4. Avoid Talking Too Much
This might sound counterintuitive since we're talking about creating a sales script. But it's important to focus on the right words to say at each stage of the phone call, rather than the script length.
And take the time to listen. Customers who have a true pain point are often willing to vent about their frustrations—that information can provide insights into how you can help.
Always be willing to listen more than speak. The customer is speaking with you for a reason—let them explain the reason to you.
Sales Call Script Templates You Can Steal
Creating a call script can feel daunting. You don't want to forget to include anything crucial—or create a robotic script that ends up not getting used. So, we're going to make the process a little easier for you.
Keep in mind, these are templates, which means you'll still need to adjust them to fit your company culture and offering.
Cold Call Script for Phone Calls
Cold calls can be the most daunting of all sales calls. The key is researching your prospect beforehand so you aren't going in blind. Take this cold calling script and make it your own.
"Hello [prospects name], this is [your name] from [company name], how are you doing today?"
If they answer positively:
"That's great to hear! I realize you might be busy at the moment. Is it a bad time?"
If they answer negatively:
"I'm sorry to hear that. I did want to talk to you about [pain point/challenge, etc.], is now a bad time?"
Asking how they're doing is polite, but it also helps you gauge their mood. Asking "Is it a bad time?" is more effective than "Is now a good time?" because people are more likely to answer a negative question in the negative.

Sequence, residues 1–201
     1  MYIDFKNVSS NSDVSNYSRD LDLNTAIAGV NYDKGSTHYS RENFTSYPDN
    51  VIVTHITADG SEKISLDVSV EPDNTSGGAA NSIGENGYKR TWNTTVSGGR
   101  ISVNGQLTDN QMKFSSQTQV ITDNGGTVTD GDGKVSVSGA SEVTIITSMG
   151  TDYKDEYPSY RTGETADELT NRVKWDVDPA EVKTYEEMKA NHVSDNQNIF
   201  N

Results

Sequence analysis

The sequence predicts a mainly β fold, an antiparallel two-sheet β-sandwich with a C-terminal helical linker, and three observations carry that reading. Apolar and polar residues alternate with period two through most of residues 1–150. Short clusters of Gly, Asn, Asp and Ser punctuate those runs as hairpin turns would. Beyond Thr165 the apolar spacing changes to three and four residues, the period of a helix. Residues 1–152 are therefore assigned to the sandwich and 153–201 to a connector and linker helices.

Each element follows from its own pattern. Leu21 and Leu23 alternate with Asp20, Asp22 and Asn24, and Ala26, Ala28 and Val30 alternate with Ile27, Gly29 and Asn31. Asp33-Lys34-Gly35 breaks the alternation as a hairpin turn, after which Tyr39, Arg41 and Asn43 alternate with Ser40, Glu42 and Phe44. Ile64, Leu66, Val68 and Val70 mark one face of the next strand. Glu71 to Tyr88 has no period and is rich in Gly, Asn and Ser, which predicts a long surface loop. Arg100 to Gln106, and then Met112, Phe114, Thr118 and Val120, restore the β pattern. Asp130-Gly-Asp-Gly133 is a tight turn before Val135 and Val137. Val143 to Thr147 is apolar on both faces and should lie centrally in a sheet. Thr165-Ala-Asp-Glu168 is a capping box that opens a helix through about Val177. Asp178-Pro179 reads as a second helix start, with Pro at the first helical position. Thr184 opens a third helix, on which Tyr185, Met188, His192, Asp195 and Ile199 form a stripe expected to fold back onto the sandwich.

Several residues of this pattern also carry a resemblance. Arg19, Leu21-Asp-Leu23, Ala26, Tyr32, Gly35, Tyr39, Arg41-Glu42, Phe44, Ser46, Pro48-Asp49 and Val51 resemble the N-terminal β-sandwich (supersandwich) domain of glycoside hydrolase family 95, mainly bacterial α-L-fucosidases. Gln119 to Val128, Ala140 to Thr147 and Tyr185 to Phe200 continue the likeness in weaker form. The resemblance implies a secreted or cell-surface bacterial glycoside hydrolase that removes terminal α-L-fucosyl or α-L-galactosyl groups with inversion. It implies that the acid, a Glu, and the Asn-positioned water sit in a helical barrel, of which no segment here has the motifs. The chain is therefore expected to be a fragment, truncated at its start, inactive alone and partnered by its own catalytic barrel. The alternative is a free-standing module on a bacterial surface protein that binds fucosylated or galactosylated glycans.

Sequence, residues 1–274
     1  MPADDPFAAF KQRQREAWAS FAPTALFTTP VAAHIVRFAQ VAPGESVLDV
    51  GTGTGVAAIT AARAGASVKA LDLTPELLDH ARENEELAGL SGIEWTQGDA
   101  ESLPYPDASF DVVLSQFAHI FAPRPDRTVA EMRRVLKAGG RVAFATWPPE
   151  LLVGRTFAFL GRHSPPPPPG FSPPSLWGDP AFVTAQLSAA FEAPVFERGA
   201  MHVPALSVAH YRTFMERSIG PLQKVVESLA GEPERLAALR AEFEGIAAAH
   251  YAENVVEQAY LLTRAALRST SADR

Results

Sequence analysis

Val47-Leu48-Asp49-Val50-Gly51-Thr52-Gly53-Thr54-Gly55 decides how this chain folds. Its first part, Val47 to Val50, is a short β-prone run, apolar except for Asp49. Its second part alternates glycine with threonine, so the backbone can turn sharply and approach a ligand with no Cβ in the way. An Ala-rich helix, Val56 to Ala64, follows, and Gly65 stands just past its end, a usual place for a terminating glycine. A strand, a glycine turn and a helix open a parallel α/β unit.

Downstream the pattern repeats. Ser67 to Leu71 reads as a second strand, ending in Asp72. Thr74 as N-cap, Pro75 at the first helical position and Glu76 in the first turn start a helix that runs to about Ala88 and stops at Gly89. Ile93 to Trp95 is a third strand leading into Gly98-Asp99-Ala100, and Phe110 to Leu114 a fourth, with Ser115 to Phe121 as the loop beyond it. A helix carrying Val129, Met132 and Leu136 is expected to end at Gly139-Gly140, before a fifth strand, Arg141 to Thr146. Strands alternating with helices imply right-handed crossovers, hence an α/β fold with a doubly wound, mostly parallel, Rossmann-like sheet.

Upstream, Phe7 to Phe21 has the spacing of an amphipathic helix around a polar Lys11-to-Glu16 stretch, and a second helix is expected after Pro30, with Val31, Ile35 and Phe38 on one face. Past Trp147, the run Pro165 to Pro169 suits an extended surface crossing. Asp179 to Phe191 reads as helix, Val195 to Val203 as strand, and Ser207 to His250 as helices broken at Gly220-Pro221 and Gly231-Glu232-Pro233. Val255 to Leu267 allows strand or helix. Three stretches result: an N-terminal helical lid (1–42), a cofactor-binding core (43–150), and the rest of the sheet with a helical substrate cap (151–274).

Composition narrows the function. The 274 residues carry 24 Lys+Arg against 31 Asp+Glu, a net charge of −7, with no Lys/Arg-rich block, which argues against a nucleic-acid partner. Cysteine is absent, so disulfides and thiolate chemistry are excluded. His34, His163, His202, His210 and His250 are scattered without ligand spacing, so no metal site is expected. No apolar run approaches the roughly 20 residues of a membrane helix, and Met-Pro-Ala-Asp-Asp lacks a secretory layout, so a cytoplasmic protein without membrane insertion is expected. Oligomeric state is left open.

If now isn't a good time:
"No worries, I'm happy to call back. Is tomorrow at 2 or Thursday at 4 better for you?"
If they say it's not a bad time, move into your pitch:
"Great! I wanted to give you a quick call because we're currently working with other companies in [their industry] and I really think [prospect company name] would benefit from [solution.]
I can see that your company targets [mention their target audience/services/etc.], how are you managing [pain points you solve, for example finding leads, managing workflows, etc.]?
This gives them the opportunity to share their struggles. From there, you can share specific case studies or solutions your company offers.
Cold Call Script for Voicemails
Sometimes prospects don't pick up the phone. All is not lost! Providing your sales team with a simple voicemail script ensures they deliver relevant information fast.
"Hey, [prospects name], this is [your name] from [your company.] I'm calling companies in [industry] to discuss [insert benefit your solution provides.]
Please give me a call back at [your phone number.] I'll follow up with an email on [a day or two later]. Looking forward to hearing from you, have a good day."
The goal is to give them a reason to call back, so the benefit you offer is the most important part of this script.
Follow Up Script for Phone Calls
So, you've already had one phone call and it went well. Now it's time for the follow-up. This one is a little bit harder to script because you'll need to adjust it based on your previous conversation.
"Hey [prospects name], this is [your name] again from [your company name]. How are you doing today?"
Wait for a response, then remind them of your previous call:
"That's great to hear. I was following up on our call from [last week/month,etc.] You'd mentioned [objection they mentioned or next step you suggested]. Were you able to [Insert next step previously discussed, i.e., review the info I sent/ talk to your manager]?
Adjust the rest of your call based on their response. For example, if you sent a proposal, you might say:
"I was thinking more about how [your company] can help [prospects company] and I thought you might be interested in some results from [client.]
From here, you can share some results and wrap it up with: